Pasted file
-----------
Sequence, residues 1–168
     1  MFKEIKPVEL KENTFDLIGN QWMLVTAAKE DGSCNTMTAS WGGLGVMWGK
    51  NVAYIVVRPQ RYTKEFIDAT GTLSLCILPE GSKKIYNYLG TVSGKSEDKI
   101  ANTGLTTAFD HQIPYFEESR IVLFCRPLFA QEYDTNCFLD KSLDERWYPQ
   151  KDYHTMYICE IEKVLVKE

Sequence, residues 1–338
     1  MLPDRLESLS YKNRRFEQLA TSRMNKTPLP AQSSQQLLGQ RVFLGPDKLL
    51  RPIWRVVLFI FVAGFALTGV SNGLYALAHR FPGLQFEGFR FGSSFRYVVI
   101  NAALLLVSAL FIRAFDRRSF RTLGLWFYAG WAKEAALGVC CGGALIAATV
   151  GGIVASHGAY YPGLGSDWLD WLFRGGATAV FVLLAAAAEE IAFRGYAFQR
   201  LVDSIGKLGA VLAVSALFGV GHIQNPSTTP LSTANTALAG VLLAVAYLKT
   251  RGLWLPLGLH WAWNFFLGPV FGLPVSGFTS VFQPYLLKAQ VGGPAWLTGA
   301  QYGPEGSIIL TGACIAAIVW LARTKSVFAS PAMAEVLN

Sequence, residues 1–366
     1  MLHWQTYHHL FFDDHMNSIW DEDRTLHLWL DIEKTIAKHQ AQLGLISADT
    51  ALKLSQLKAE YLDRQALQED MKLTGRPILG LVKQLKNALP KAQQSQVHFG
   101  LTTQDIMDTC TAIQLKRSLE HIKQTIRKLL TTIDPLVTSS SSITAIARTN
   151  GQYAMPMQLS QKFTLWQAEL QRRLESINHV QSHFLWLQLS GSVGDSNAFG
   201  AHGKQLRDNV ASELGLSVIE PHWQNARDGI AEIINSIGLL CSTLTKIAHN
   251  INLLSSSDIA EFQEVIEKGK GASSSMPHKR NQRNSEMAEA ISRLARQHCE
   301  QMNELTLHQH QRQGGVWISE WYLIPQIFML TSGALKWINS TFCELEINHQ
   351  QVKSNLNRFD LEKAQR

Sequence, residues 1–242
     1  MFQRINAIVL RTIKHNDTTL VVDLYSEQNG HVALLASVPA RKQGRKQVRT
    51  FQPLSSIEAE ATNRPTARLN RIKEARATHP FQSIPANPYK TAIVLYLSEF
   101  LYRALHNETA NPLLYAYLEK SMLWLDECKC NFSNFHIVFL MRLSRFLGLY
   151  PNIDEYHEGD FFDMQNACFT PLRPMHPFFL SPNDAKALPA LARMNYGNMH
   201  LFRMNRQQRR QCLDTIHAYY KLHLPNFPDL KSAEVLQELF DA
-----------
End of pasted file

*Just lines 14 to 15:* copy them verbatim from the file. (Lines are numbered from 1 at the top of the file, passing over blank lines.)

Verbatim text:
Sequence, residues 1–366
     1  MLHWQTYHHL FFDDHMNSIW DEDRTLHLWL DIEKTIAKHQ AQLGLISADT